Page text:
Message to Starbucks shareholders: Free WiFI

It came to me before I had my morning home brew on Sunday…Starbucks, which reported its first earnings losses last week, needs to change its business model to embrace free wireless.  NPR’s feature, Sports Bars Draw Fantasy Footballers on Laptops, made the connection for me.  In brief, the NPR story reported that sports bars are beginning to serve laptop-toting customers breakfast, lunch, and dinner along with numerous drinks.  Meanwhile multitasking customers are watching football on the big screen, keeping track of fantasy football statistics, and writing term papers. 

I don’t intend to conduct business in a sports bar, and while I’m a regular Grande-sipper, I don’t work at Starbucks either. Why don’t I work where I sip?  While I’ve grown accustomed to the strong, slightly burnt coffee, I can’t get comfortable with $30/month Internet access fees.  Starbucksgrandecoffee

Like millions of people with home offices and a laptop, I like to meet new people in public places, and I need to to have access to the Internet.  I live in a small suburban town with 2 Starbucks locations; I must pass at least 4 others on my way to Panera Bread, where Free WiFI is on the menu in every location.  Once there, I hunker-down with a beverage and/or an amazingly tasty and somewhat healthy fast food meal, all the while plugged into the Internet and able to meet others.

Message to Starbucks:  "fuhget about" your expensive upcoming television advertising campaign and reallocate those resources to Free WiFI.  Encourage lap-top toting customer evangelists to build your brand and grow your business.

Confessions of a customer evangelist: promoting Kawasaki

It is amazing to find that sometimes, you have been ahead of the curve and didn’t know it. I worked in a neighborhood bookstore as part of my "portfolio career" (a.k.a.,lots of jobs; little money) in 2002-2003. I was going to graduate school full-time and making the break from corporate life to consultancy. One of the benefits of my $8/hour job was access to pre-release copies of books. I was the only one in the shop that gravitated to the business books, and by now you know that I’m going to tell you that Creating Customer Evangelists… was one of the treasures I found. I recommended it several times, and even loaned it to someone who probably didn’t "get-it," ‘cuz I need to buy another copy after sending the link to a client!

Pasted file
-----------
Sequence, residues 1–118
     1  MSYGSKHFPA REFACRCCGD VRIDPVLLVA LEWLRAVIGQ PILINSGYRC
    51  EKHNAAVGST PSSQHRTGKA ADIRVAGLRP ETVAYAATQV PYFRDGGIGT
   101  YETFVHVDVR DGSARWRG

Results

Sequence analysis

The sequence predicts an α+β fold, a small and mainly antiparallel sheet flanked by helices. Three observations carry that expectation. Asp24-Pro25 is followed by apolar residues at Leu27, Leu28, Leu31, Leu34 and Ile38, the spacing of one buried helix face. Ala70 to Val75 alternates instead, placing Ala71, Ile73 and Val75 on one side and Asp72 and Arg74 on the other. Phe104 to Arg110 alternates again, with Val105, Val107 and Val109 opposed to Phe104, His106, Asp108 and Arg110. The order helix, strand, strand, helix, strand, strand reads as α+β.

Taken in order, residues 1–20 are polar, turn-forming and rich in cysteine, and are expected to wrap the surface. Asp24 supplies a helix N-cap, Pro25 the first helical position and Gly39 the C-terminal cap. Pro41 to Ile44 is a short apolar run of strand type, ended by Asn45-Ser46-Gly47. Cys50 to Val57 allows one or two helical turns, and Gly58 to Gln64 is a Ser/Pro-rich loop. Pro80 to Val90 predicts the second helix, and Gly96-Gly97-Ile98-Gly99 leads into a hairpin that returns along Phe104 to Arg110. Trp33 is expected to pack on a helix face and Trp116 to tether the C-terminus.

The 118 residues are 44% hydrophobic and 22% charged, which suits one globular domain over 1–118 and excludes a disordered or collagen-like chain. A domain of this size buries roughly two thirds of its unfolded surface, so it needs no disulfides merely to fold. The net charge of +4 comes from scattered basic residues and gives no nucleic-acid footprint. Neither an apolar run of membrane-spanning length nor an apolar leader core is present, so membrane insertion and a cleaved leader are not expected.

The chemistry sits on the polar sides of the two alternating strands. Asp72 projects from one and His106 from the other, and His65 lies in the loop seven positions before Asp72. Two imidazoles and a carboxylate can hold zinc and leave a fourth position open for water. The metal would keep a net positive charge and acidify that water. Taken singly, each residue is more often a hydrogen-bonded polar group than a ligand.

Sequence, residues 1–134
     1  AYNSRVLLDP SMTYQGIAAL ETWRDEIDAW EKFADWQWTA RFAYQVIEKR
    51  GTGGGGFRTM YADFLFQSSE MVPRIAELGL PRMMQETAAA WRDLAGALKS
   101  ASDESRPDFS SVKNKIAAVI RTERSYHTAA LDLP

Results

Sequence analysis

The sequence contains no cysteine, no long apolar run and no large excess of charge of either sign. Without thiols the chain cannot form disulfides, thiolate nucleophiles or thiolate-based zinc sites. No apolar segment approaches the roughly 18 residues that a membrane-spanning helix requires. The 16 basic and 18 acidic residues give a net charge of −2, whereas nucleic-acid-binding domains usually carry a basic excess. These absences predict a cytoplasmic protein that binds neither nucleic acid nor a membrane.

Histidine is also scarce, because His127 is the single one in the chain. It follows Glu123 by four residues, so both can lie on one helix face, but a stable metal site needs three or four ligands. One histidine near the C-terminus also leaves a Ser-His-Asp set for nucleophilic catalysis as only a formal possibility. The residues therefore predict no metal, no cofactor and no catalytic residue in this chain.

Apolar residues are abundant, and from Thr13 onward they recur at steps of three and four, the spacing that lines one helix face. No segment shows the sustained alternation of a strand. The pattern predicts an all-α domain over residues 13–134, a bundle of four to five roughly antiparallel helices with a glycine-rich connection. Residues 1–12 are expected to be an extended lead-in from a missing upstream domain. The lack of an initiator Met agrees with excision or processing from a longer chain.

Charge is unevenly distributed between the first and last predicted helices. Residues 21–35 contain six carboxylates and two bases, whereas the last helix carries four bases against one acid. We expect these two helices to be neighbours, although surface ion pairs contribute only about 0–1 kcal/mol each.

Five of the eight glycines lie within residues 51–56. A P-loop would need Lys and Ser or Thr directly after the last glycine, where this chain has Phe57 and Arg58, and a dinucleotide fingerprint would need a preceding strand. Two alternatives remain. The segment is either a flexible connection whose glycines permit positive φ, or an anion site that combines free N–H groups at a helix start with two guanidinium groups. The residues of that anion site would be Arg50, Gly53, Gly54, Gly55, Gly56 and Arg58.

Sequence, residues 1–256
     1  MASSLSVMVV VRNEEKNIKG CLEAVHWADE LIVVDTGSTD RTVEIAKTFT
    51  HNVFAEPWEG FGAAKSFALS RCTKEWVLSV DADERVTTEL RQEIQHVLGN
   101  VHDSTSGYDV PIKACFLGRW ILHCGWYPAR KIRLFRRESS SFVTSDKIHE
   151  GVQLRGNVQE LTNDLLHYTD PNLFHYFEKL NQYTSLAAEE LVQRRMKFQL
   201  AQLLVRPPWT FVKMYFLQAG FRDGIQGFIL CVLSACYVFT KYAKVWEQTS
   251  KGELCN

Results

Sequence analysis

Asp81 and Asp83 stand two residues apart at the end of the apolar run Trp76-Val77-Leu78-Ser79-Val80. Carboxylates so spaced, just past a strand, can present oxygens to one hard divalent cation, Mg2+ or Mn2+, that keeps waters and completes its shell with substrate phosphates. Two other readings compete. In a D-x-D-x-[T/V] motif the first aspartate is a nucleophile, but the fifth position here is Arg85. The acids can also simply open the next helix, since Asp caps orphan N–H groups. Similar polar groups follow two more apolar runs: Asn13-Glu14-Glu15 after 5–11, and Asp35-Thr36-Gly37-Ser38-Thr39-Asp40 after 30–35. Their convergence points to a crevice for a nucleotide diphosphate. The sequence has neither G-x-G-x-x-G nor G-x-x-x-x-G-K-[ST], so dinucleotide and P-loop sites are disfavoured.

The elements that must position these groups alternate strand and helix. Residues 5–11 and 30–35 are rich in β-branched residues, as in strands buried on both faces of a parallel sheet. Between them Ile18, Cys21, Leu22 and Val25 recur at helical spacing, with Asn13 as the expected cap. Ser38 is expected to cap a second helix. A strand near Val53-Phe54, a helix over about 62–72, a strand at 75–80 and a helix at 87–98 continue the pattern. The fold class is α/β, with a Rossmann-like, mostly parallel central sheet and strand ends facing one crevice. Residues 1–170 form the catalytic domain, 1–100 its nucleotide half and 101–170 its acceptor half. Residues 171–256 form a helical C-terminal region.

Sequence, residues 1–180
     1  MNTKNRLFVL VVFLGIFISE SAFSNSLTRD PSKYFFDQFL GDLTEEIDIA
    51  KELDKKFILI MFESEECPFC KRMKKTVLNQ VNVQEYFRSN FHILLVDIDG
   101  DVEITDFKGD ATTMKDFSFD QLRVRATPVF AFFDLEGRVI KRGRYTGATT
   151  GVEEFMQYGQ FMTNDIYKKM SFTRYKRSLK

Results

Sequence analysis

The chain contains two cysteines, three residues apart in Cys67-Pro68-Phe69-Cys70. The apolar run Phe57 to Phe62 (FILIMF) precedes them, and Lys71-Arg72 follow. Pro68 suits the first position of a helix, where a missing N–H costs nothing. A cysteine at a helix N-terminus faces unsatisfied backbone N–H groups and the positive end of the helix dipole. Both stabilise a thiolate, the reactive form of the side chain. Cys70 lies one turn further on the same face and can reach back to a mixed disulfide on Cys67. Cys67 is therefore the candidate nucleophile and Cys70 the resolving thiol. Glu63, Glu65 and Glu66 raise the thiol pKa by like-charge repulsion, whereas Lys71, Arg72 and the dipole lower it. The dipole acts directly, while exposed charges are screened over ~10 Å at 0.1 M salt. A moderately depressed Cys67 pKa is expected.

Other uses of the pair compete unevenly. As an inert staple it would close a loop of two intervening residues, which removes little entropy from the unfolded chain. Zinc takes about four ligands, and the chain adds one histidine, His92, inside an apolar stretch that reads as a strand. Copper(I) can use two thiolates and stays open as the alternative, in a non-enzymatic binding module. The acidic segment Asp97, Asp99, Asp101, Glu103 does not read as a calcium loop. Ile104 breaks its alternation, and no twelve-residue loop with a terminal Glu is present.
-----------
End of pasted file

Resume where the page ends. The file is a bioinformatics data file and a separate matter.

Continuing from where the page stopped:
Truth be told, I’m not comfortable with the "good news" connotation of customer evangelism, but the idea that clients are likely to enthusiastically promote my services if I make it easy for them to do so is almost a "no, duh."  I incorporated the term, "buzz," into my vocabulary; I even had to define and defend it in a presentation at Temple University. My sense of urgency about this now stems from yesterday’s global summit honoring "The Brand Called You," the 1997 Fast Company article that I’ve been sending to prospective clients for several years. To kick-off the 12-hour teleseminar (it was recorded, so look for it online), Guy Kawasaki facilitated an excellent session, "Evangelizing Evangelists to Build a Business and Build Your Brand."